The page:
0
$\begingroup$

Show that $(\ell^{1}, \vert \vert \vert \cdot \vert \vert \vert)$ is Banach , where $\vert \vert \vert x\vert \vert \vert:=\sup\limits_{n}\vert \sum\limits_{j=1}^{n}x_{j} \vert$

My idea:

let $(x^{(k)})_{k} \subseteq \ell^{1}$ be a Cauchy sequence, thus for any $\epsilon > 0$ there exists $N \in \mathbb N$ so that for all $l, m \geq \mathbb N: \vert \vert \vert x^{l}-x^{m}\vert \vert \vert<\epsilon$. Note that this means that $\forall n \in \mathbb N$: $\vert \sum\limits_{j=1}^{n}x_{j}^{l}-x_{j}^{m}\vert<\epsilon\Rightarrow \vert x_{1}^{l}-x_{1}^{m}\vert < \epsilon$ but it is then certain that $\vert x_{2}^{l}-x_{2}^{m}\vert < 2\epsilon$. This looks like I can reduce the "cauchyness" of $(x^{(k)})_{k}$ to cauchy sequences $(x_{j}^{(k)})_{k}$ for all $j \in \mathbb N$ (this true, no?). Given the completeness of $\mathbb R$ with the euclidean norm, and the equivalence of finite dimensional norms, $\lim\limits_{k\to \infty}x_{j}^{k}:=x_{j}$ exists and we now show that $x:=(x_{j})_{j}\in \ell^{1}$

Question: Do we show that $\vert \vert x\vert \vert_{1} <\infty$ or $\vert \vert \vert x\vert \vert \vert< \infty$, it's difficult to know since $\ell^{1}$ is explicitly defined by the $\vert \vert \cdot \vert \vert_{1}$-norm, but we're looking at the space $(\ell^{1}, \vert \vert \vert \cdot \vert \vert \vert)$

I will assume the latter:

let $n \in \mathbb N$: $\vert \sum\limits_{j=1}^{n}x_{j}\vert=\vert \sum\limits_{j=1}^{n}\lim\limits_{m\to \infty}x_{j}^{m}\vert=\lim\limits_{m\to \infty}\vert \sum\limits_{j=1}^{n}x_{j}^{m}\vert\leq \lim\limits_{m\to \infty}\vert \vert\vert x^{m}\vert \vert\vert<\lim\limits_{m\to \infty} c <\infty$

Note: we can take the limit out given the sum is finite and $\vert \cdot \vert $ is continuous.

Since this holds for all $n \in \mathbb N$ it has to hold for $\sup\limits_{n}\vert \sum\limits_{j=1}^{n}x_{j}\vert<\infty$ so $x \in \ell^{1}$.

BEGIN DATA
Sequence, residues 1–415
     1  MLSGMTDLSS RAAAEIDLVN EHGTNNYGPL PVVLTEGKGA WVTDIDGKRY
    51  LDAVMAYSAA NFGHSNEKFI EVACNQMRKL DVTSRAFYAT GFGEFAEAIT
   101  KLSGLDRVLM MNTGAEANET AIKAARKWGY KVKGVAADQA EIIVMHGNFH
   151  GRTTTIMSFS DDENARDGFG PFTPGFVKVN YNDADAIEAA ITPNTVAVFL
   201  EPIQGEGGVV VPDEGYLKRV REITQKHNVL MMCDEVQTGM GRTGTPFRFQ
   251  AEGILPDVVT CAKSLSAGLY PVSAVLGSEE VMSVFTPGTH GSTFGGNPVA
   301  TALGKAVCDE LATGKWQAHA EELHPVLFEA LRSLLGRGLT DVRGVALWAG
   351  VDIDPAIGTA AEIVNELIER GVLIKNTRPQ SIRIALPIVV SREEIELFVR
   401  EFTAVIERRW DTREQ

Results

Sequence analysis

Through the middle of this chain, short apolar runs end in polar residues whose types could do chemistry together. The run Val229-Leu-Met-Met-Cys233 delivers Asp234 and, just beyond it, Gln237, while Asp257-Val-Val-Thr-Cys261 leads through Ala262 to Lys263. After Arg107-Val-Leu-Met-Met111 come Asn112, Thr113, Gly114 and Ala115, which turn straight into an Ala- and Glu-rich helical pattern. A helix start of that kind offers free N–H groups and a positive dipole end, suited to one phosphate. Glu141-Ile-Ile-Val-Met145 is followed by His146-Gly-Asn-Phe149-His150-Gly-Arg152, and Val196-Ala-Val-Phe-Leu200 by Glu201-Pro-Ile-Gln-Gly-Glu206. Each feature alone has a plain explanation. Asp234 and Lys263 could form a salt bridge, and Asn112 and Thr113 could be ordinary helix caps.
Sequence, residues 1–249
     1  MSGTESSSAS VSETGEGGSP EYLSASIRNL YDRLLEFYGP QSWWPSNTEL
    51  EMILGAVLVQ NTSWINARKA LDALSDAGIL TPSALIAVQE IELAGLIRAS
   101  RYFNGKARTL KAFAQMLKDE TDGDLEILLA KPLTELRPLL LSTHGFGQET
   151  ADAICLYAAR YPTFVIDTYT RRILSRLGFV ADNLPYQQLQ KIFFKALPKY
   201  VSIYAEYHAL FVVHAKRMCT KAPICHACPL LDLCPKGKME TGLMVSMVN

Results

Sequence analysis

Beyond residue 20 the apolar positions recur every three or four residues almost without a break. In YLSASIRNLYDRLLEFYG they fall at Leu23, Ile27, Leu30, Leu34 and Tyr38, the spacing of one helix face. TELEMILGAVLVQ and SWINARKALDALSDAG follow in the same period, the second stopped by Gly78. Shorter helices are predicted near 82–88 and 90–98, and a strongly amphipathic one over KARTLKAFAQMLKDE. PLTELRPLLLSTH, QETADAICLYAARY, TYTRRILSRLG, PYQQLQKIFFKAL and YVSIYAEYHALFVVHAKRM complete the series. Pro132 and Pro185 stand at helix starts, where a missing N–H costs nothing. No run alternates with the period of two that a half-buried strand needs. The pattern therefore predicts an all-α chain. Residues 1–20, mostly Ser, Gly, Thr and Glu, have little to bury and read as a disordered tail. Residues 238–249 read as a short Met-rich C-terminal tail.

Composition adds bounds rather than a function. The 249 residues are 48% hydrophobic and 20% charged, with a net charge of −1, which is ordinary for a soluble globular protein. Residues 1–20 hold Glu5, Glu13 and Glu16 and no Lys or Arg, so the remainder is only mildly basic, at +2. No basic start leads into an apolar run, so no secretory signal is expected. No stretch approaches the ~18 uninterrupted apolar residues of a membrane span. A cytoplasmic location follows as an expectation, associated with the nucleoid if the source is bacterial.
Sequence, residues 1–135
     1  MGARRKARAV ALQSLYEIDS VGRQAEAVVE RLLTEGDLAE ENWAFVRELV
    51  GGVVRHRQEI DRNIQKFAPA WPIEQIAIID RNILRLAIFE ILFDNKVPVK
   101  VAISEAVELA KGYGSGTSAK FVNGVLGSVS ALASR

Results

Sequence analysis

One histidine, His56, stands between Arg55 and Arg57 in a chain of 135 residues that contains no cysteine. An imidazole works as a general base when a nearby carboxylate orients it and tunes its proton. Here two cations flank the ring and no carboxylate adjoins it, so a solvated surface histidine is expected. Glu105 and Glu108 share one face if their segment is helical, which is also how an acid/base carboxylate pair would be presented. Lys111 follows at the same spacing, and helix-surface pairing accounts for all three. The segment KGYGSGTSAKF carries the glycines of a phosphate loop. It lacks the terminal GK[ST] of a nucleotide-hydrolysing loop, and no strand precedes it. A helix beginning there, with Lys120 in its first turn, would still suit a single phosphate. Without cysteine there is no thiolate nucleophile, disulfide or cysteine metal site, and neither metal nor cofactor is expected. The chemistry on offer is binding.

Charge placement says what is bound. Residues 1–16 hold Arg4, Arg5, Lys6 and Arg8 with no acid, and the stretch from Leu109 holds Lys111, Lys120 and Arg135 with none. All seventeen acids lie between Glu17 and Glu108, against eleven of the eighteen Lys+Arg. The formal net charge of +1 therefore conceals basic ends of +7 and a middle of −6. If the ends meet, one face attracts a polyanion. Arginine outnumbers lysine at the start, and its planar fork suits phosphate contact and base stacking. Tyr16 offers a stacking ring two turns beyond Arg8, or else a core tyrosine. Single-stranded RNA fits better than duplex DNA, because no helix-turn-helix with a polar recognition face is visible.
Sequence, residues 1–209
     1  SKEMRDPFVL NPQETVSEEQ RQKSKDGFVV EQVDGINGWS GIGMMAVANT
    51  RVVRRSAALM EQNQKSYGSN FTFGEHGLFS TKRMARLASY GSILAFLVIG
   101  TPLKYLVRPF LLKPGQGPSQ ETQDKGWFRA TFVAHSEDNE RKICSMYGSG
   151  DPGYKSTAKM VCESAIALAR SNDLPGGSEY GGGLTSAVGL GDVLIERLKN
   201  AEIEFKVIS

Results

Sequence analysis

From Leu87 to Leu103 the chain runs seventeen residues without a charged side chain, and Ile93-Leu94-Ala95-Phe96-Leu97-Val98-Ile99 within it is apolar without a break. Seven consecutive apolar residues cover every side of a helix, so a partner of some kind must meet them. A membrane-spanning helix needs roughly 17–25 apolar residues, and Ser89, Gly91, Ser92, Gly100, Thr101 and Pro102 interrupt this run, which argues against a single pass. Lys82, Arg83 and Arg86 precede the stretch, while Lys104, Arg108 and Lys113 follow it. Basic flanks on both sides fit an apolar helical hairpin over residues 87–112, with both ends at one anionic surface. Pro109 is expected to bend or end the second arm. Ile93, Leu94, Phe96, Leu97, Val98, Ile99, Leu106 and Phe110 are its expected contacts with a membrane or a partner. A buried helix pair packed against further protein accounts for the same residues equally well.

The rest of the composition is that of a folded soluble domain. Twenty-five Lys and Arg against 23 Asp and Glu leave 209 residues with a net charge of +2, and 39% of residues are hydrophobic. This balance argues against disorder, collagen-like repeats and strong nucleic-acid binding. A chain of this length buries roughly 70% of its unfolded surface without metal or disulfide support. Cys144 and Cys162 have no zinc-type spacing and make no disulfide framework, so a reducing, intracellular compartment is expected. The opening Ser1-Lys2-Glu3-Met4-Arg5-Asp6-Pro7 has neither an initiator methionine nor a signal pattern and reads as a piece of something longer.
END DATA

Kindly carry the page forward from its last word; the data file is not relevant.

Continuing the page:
We then argue for convergence similarly. Is my proof ok?

$\endgroup$
  • $\begingroup$ @HennoBrandsma you are confused, this person is not showing that $\ell^1$ is a Banach space. $\endgroup$ – Tony S.F. Jun 9 at 21:57
  • $\begingroup$ @TonyS.F. I see now he's trying some alternative norm? $\endgroup$ – Henno Brandsma Jun 9 at 21:58
  • $\begingroup$ Indeed. @SABOY I don't see how it follow that $|\sum\limits_{j=1}^n x^l_j-x^m_j|<\epsilon$ implies that $|x^l_1-x^m_1|<\epsilon$. $\endgroup$ – Tony S.F. Jun 9 at 22:00
  • $\begingroup$ It holds for all $n \in \mathbb N$ so it must hold when $n=1$ $\endgroup$ – SABOY Jun 9 at 22:05
  • 1
    $\begingroup$ Did the exercise ask this, or was it "prove or disprove""??? $\endgroup$ – David C. Ullrich Jun 10 at 0:04
5
$\begingroup$

It's not so.

A little functional analysis shows it's impossible unless the two norms are equivalent; thinking about examples showing they're not equivalent leads to this: If $$x_n=(1,-1,1/2,-1/2,1/3,-1/3,\dots,1/n,-1/n,0,0,0,\dots)$$ then $(x_n)$ is a Cauchy sequence that doesn't converge to any $x\in\ell_1$.

(It is true that the $\ell_1$ norm is equivalent to $$||||x||||=\sup_F\left|\sum_{j\in F}x_j\right|,$$where the sup runs over all finite sets $F\subset\Bbb N$.)

Another true fact, a misunderstanding of which could lead to the assertion in the question:

Exercise The completion of $\ell_1$ in the norm above is the space of all $x=(x_1,\dots)$ such that $\sum x_j$ converges.

$\endgroup$

Your Answer

By clicking “Post Your Answer”, you agree to our terms of service, privacy policy and cookie policy

Not the answer you're looking for? Browse other questions tagged or ask your own question.